Editor’s note: This story contains adult content. It is not recommended for younger readers.
BY EMILY MIBACH
Daily Post Staff Writer
The general manager of a Redwood City-based sewage processing agency was fired and received an $875,000 severance payment after he instructed an employee about how to “get more comfortable with herself sexually,” such as walking around her home naked, newly released documents reveal.
He also tried to set up an occasion for them to masturbate at the same time at their own homes, those documents show.
These allegations and others resulted in the firing of Dan Child, who headed the Silicon Valley Clean Water agency for 15 years until May 22, 2018. He was paid $875,000 to leave the district. Silicon Valley Clean Water, a public agency, handles the sewage from Redwood City, San Carlos, Belmont and the West Bay Sanitary District, which includes Menlo Park and Atherton.
The woman who Child is accused of sexually harassing agreed to resign and drop her claims in exchange for a $1 million payment.
Child and the woman, who the Post will identify as Jane Doe, had sexually explicit conversations and text messages with one another and in the workplace. Child was Jane Doe’s direct boss, and had apparently told the woman that she needed to “put aside the fact” that he was her boss, according to the board’s termination letter to Child.
The board’s termination letter to Child lays out precisely why he was fired. Child told the agency’s investigators that Jane Doe had approached him with questions about “the male sex drive” in 2017.
“I maintain my innocence in reference to the … allegations leveled at me, and believe I am the true victim of the person making the allegations,” Child wrote in his resignation letter to the board.
But according to the board’s termination notice to Child, he admitted to the investigator that he said the following during conversations with Jane Doe in his office. The investigator, Karen Kramer, said Child:
• asked Jane Doe if she had ever had an orgasm;
• told Doe he pleasures himself;
• told Doe to “masturbate more than five times a week,” which both Child and Doe said was Doe’s “assignment”;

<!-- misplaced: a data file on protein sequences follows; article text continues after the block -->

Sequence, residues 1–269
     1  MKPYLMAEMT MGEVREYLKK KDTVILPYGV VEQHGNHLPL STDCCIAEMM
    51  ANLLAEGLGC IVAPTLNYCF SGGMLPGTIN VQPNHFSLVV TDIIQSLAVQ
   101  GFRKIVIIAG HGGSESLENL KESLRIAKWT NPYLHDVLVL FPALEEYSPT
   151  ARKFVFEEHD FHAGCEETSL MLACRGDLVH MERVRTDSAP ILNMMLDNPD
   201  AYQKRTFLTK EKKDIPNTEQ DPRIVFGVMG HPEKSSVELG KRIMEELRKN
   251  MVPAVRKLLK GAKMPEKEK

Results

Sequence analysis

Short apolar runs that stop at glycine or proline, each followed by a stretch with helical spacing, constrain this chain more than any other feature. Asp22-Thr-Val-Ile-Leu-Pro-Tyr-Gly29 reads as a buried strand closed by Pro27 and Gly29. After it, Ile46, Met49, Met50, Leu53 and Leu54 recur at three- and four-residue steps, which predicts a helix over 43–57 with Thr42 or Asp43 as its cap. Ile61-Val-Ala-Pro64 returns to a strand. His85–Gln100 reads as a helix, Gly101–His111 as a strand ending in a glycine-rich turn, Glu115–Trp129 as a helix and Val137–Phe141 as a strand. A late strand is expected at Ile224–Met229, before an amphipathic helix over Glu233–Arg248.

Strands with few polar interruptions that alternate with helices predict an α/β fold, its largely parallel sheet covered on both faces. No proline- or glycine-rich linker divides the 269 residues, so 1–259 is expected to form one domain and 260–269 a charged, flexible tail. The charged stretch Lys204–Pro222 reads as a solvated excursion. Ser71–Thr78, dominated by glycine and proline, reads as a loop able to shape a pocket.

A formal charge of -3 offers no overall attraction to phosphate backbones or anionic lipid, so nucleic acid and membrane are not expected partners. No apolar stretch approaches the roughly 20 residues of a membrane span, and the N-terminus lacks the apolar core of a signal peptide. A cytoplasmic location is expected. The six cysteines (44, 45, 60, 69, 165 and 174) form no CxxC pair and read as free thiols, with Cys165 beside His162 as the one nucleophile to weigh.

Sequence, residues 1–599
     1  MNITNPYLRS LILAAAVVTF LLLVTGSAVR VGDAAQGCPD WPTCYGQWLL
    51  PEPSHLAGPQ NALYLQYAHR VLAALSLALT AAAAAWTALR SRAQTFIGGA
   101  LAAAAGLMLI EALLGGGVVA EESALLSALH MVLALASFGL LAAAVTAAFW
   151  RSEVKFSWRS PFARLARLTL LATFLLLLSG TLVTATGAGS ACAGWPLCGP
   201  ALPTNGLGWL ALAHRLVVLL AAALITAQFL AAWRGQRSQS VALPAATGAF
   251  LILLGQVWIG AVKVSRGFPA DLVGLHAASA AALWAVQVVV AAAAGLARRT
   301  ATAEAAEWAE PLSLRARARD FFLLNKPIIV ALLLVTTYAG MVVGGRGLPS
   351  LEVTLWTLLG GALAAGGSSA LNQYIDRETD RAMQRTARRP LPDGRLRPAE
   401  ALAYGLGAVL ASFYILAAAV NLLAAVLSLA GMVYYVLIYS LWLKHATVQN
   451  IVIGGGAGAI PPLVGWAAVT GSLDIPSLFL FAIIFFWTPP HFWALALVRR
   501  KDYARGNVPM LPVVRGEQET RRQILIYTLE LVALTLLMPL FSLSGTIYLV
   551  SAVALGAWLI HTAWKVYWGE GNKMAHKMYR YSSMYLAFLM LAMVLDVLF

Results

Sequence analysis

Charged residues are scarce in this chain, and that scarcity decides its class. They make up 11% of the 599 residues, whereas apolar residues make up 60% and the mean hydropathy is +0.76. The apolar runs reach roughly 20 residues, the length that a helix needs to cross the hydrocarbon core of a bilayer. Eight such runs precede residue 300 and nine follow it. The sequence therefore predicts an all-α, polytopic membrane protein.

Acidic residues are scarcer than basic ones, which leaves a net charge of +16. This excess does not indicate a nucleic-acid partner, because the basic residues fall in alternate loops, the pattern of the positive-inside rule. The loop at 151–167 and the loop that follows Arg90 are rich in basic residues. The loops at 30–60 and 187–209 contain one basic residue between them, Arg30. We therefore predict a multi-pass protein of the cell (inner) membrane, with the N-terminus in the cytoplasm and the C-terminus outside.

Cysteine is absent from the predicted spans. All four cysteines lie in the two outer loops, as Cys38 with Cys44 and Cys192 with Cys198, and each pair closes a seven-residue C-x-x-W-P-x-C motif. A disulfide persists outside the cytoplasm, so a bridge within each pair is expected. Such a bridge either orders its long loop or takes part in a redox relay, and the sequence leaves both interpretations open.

• told Doe “to stop using a vibrator during masturbation and that instead she should go ‘slow and easy,’ a phrase that was repeated in your text messages to her”;
• asked Doe if she was engaging in safe sex with her then-boyfriend and gave her condoms;
• encouraged Doe to walk around her home naked to be more comfortable with herself;
• verbally agreed with Doe to pleasure themselves at their homes at the same time, and then sent Doe several texts saying he was available to do so.
Messages he sent
The notice also lists nine text messages Child sent to the woman, including:
• “… by the way, assignment lady, tell me day and time we can do assignments. Might help slow-and-easy having our minds thinking of the same things at the same time.”
• “Not disappointed, but I am looking forward to it. I have the opportunity and I’m doing my ‘house’ assignment now! Let me know and I’ll do my best to make a later time or tomorrow work for the other joint assignment. [Wink emoji] [party popper emoji] [volcano emoji], just let me know! Have a great day, talk with you later and see you Monday.”
• “Actually, (TMI?) other things can be hard too [Home Alone emoji].” The TMI parenthesis are his.
The notice also states that Child poked Doe in the rib cage while the two were reading something on his computer screen. The board’s termination letter to Child also said that after Doe told Child she no longer wanted to talk about sex with him, he made comments about her appearance.
“Though you made it clear to (investigator Karen) Kramer that you believed you and (Doe) were communicating merely as friends, the power dynamic between the two of you undermined the integrity of any purported friendship. You were the head of the agency that employs her. It was unreasonable for you to tell (her) that if she ever felt uncomfortable with the conversations, she should simply tell you. You were not merely friends; you had the power to promote her or terminate her employment. In fact, she received a promotion … with your assistance and encouragement — during the time this conduct was occurring,” Child’s termination letter, dated May 22, 2018, states.